Friday, February 1, 2013

"Making Music With Words"

I just looked up the most recent box office grosses for Judd Apatow’s This Is 40.  The movie’s domestic profits are about fifty-five million dollars, which is pretty good, since the report said This Is 40 cost thirty-five million dollars to make.  This, however, does not include the marketing expenses for the movie, which can often equal the total cost of the production. 

A fifty-five million dollar box office – and counting; the movie is still playing in theaters – is nothing to sneeze at.  But with Apatow’s lengthy string of successes, there is also the question of expectations.  Apatow’s 2011 outing (as a producer) was Bridesmaids.  And its domestic gross was a hundred and sixty-nine million.  As Jon Lovitz said in A League of Their Own, “That would be more then, wouldn’t it?”   

Considerably more.

True, Bridesmaids is about a wedding and This Is 40’s about a bickering married couple, the two premises traditionally unequally popular with moviegoers.  The conventional wisdom is, “If we wanted to see a couple fight, we could have stayed home and saved the money.”  This has generally been the case, but not always.  A married couple bickered in The Thin Man movies.  Though they also solved murders, so I guess that’s not the same.  It does, however, show how far you have to stretch to find a successful “Squabble Picture.”

Though This Is 40 is hardly a breakout smash, it is doing better than the last movie Apatow wrote and directed, Funny People, which was about death, a subject even less appealing than squabbling couples, and arguably every other subject as well.  Generally speaking, “death” is death at the box office.

“Fourteen-fifty to be reminded that I’m going to die?  And the ‘small’ popcorn is five-seventy five?  And it’s dripping in butter, which also reminds me I’m going to die?  I’ve got to give this some serious thought – NO!”

Let us shed no tears for Mr. Apatow.  He is currently preparing an Anchorman sequel, so he’ll be back topping the cha-ching charts soon enough.  It is possible that this is actually Apatow’s game plan, following in the footsteps of many savvy moviemakers before him, like Barry “Rain Man (big box office) but also Avalon (not so much) Levinson – the strategy being, “I make one (highly profitable) movie for them (the studio), and one (personally satisfying) movie for me.”

A movie fails to take off at the box office, and its less than sure-fire commercial subject matter is blamed for it.  I, as is not unusual, have an alternate perspective. 

As I mentioned when I discussed This Is 40 earlier, an issue also related to its commercial possibilities is the manner in which the movie is put together and presented. 

Judd Apatow has been quoted as saying he does not want his movies to, in effect, feel like movies.  As a result, he deliberately arranges his story in an unstructured, non-linear manner, mirroring, to his thinking, the unplotted messiness of everyday life. 

In theory, I like that idea.  I am no fan of movies whose storylines are formulaically predictable.  (Though, as we shall see, this is the “Straw Man” bad version of the alternative.)

The problem is, there’s a tradeoff.  For its acknowledged benefits, the price of Apatow’s favored storytelling approach is the sacrifice of – for want of a more artful description – trajectorial momentum.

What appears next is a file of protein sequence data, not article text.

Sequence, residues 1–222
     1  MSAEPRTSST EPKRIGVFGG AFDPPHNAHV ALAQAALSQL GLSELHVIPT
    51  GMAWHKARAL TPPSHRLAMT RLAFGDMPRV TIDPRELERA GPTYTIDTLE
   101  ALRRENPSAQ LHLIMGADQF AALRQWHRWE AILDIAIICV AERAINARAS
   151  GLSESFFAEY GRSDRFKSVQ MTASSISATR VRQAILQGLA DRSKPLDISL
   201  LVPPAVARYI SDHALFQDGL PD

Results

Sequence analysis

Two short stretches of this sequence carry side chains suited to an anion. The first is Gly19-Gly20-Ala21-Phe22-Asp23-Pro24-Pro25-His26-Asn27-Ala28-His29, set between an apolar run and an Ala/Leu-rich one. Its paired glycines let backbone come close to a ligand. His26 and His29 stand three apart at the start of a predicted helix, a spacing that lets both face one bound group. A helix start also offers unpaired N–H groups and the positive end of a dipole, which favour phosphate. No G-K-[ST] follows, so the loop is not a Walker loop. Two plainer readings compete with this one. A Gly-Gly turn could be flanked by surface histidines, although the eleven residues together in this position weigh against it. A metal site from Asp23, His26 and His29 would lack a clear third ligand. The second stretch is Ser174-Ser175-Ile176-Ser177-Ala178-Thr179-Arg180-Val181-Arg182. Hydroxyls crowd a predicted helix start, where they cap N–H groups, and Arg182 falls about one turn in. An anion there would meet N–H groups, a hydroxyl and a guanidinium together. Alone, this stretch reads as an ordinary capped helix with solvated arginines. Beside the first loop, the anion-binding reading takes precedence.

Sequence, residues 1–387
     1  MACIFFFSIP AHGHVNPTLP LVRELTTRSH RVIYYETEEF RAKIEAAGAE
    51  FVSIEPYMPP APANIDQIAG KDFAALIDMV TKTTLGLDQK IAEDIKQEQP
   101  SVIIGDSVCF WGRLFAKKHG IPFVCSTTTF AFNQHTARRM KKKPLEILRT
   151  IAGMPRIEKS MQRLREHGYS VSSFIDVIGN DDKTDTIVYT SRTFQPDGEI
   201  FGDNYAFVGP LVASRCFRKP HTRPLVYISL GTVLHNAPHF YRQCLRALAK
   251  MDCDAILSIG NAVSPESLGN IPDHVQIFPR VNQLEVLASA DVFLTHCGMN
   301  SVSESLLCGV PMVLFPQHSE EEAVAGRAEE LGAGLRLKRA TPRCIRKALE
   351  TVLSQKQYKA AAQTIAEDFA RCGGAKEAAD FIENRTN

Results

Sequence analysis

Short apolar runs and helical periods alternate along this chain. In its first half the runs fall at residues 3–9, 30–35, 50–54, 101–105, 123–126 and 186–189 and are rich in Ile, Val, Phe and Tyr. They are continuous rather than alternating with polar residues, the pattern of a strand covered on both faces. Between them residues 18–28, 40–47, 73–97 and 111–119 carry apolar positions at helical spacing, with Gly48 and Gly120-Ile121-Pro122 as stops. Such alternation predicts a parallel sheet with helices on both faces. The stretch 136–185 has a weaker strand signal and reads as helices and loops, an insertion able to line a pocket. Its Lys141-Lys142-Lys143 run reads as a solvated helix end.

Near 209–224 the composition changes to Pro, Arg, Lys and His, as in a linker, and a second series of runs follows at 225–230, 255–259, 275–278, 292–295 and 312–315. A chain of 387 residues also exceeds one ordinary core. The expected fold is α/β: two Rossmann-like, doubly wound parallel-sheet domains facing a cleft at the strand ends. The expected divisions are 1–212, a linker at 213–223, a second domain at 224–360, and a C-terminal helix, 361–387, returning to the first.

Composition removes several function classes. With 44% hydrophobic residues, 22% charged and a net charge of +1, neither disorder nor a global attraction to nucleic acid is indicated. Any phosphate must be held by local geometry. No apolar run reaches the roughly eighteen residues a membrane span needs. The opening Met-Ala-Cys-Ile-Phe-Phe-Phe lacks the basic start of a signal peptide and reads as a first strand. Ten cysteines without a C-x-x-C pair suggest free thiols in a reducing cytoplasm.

A “naturalistically structured” movie seems to be going in every direction but forward.  When the events are delivered, call it – to be generous – idiosyncratically, the writer surrenders narrative flow, build and a cathartically satisfying resolution.  Such are the rewards of classical storytelling.  You do things the other way and the payoff is diminished.  If you feel any at all.

Does the audience know the difference?  I believe they do, though they may not verbalize their reaction beyond a vague, “I don’t know.  It just didn’t get to me.” 

Think about music, the type I and those who share my culture are accustomed to.  Sitar music from India?  To me, it sounds like the plucking of rubber bands.  That could just be because I’m not used to sitar music.  Though I am familiar with bagpipe music, and it still sounds like they’re performing an unspeakable operation on a cat.

Without going all Leonard Bernstein “Young People’s Concerts” on you – because I am not knowledgeable enough to do so – a well-made song (or its classical musical counterparts) hits the right notes at the right time.  The music gets us snapping our fingers and tapping our toes because it’s been calculated, consciously or unconsciously, to resonate with our innerest expectations.     

Ditto, I believe, with good storytelling.  The structure does not have to be visible; in fact, it’s better when it isn’t.  Skillful story construction – in contrast to hackwork – is like “Invisible Mending.”  It holds things beautifully together, but you never see the stitching.

Despite the box office disappointment, my guess is that Judd Apatow will continue structuring his stories with the same “true to life” loosy-goosiness, and simply steer clear of death issues and bickering married people.

In my humble opinion, however, the problem is not that Apatow’s telling the wrong stories.  It’s that he’s telling the stories…not the best way.
Bonus Feature:  The “First Annual Earl Pomerantz Award For Pretty Darn Good Storytelling” goes to...


Written by Christ Terrio.

Congratulations, Chris.  I will see you at the "After Party."

Leftovers at my house.  Any time you want.

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